Ann Arbor Area Community News
The Ann Arbor News today runs articles on both the private dorm planned adjacent to North Campus and the planned replacement of Frieze with a University dorm—both projects have been referred to as “North Quad” at some point, and both seek to provide students with apartment or suite-style residence. University, City, and developer are in agreement that the housing market can support the 1400 new beds that the two developments will create.
One major difference between the two projects, though, is the character of the surrounding neighborhoods. The University’s dorm, planned to replace the Frieze Building at the corner of State and Huron, would put students within easy access of the State Street and Liberty Street business areas, as well as being closer to classroom buildings than most of the existing dorms. This project fits into the City’s vision of increased downtown residential density, and local businesses are happy. From New dorm’s impact generating worry:
Roger Hewitt, the owner of Red Hawk and Zanzibar, two restaurants just a block or two down State Street from the new dorm, said the project injects more life in the downtown area and will encourage private residential development aimed at an older crowd.
The University’s project will include no parking at all, leading residents of the Old Fourth Ward to worry that students will swamp that neighborhood’s street parking. Traffic concerns have been one of the major concerns with the private dorm on North Campus as well, with the Broadway neighborhood worried that student traffic will destroy the character of their street. What the News doesn’t mention in their article on this development, Private dorm will open first, and what the City seems to have almost completely neglected is the role of surrounding uses in determining traffic patterns. In a September 19, 2002, meeting of the Planning Commission (pdf) at which this project was discussed, Jena Carlberg was the only Commissioner to mention non-car accessibility, and then only in passing while praising the proposal’s inclusion of only 245 parking spaces for the 900 predicted residents.
While the proximity to commercial uses seems to be a major consideration in advocacy for turning the Frieze into a new dorm, the North Campus development has no pedestrian-oriented commercial uses at all in the vicinity. A quick survey of the area surrounding the Murfin-Plymouth intersection shows two gas stations, a junkyard, an auto repair shop, a Ryder truck rental, a car wash, and two auto-oriented strip malls. While the strip malls do include such student staples as pizza, liquor, tobacco, video rental, and fast food, the area is much more heavily oriented towards commuter traffic taking Plymouth in from US-23 than towards any notion of serving local neighborhood needs.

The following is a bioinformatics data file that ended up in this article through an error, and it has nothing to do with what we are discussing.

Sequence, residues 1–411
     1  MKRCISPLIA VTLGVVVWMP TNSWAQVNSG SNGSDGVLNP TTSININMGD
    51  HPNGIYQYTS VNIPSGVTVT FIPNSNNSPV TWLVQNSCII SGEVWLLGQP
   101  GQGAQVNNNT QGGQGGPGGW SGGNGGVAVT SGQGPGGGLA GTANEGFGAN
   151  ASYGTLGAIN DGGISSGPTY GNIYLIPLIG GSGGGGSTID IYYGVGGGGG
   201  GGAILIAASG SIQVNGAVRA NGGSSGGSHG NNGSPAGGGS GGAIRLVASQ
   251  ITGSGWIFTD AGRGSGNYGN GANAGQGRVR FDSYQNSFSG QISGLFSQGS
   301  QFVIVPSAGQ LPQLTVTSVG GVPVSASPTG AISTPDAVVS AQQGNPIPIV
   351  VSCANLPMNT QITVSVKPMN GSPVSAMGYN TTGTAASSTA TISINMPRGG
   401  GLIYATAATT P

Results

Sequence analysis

The City Planning Department’s Draft Northeast Area Plan (pdf) calls for “mixed-use neighborhood retail centers”, which would feature office or residential uses above storefronts, buildings fronting on the sidewalk, and minimal off-street parking. “Auto related uses,” the plan notes, “such as gas stations, auto repair shops and car washes should be prohibited.” (Chapter 6, Page 12) The plan does specifically target (pdf) a few of the auto-oriented land uses in this cluster: the truck rental should be replaced with “office uses”, and the plan says that “a neighborhood commercial zone. . .would be more appropriate” for the site the gas station/junkyard/repair shop cluster occupies. (Chapter 10, Page 11) The plan does not criticize the rest of the auto-dominated uses, however, and even goes so far as to show picture of the Courtyard Shops, the single-use, mostly single-story, parking-lot dependant strip mall on the north side of Plymouth, when discussing the qualities of a good neighborhood commercial area. The picture is, of course, carefully cropped to avoid showing the parking lots, or the fact that the “sidewalks” the stores front on are not actually on the street, but internal to the development. The University is aware that placing students and pedestrian-oriented commercial areas close together is highly desireable, to the point of including no parking in their new development—why shouldn’t this lesson be considered on Plymouth Road?
The City has said that the lack of progress in increasing density in the downtown area is due to the fact that the downtown area master plan is outdated, and needs to be revised to include new priorities, such as density. The Northeast Area Plan, however, is brand new, and won’t even take on the task of providing 900 new students (and the thousands who already live within a quarter-mile radius, in Bursley, Baits, the Highlands, Willowtree, the co-ops, and other multi-unit residences) with walkable commercial areas. If the Northeast Area Plan’s definition of “neighborhood commercial area” is representative of the way that the City will approach “downtown density”, it’s probably safe to say that very little progress will be made in the foreseeable future.
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